College Football Playoff to release first ranking of a chaotic season

“What’s most important to everyone’s mind is the lack of marquee intersection games,” Hancock said. “Just look at the games that were important to the committee over the years – Notre Dame-Georgia, two Oklahoma-Ohio State games, Oregon-Auburn – and the committee won’t have it this year.”

Among this year’s planned games were those lost: Alabama-Southern California, Oregon State at Oregon and a Wisconsin-Notre Dame showdown at Lambo Field.

This is right.

“It’s in the discretion of each of the 13 members, and no one has any idea how many games a team will play this season,” Hancock said. “Each individual member believes what is most important to him. People talk about the committee as a single entity; in fact, it is plural: it is the 13 members who make individual decisions.”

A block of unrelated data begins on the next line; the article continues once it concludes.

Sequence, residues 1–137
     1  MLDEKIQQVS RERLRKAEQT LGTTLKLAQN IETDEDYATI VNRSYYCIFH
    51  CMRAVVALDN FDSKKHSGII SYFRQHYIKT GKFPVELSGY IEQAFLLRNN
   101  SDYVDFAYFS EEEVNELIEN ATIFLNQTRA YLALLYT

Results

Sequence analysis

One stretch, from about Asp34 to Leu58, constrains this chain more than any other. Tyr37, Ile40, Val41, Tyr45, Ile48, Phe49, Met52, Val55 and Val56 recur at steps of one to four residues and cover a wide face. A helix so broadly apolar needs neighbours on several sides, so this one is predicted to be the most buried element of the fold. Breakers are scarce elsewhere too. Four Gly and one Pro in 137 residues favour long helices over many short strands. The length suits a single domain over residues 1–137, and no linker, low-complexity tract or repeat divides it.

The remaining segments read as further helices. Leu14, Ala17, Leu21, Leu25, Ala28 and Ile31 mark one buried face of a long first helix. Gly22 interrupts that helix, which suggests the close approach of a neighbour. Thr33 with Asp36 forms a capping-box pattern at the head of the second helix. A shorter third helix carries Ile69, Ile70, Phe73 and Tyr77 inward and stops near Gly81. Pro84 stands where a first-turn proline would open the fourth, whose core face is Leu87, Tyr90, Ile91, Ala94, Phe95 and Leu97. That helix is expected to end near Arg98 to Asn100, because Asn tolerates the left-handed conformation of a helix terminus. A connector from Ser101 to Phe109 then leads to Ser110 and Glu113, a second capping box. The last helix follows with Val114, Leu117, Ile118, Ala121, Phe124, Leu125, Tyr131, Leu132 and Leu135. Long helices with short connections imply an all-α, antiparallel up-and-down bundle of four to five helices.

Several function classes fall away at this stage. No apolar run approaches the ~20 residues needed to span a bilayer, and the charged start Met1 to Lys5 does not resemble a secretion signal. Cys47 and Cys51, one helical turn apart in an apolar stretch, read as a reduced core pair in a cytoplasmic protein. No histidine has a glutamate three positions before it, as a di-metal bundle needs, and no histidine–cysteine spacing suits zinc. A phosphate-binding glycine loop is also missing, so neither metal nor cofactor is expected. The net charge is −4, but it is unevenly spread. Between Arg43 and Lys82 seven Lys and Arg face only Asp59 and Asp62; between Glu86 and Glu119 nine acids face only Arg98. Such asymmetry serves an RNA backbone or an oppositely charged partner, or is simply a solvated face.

Although conferences have implemented requirements for teams to reach league championships, the committee has no limit on how many games a team must play for the playoffs.

“The number of games and wins by each team is certainly important in weighing its ranking, but it is not the only factor,” Playoff said on its website. “The more games played, the more chances a team has to prove itself to the committee,” said the playoff.

Not this year, at least. But it can certainly get bigger in future seasons.

Athletic Director Gary Barta heads the selection committee in Iowa. Other members include Arkansas State, Colorado, Florida, Georgia Tech, Oklahoma and Wyoming, as well as a professor in Arizona. Ken Hotfield, who led football programs in the Air Force, Arkansas, Clemson and Rice, is a member, RC Slocum, who coached Texas A&M.

Ronnie Lott, a former Southern California star, and John Urschel, who plays at Penn State, sit on the panel. Raymond T. Odierno, the retired general who was the head of the US Army, is also a member.

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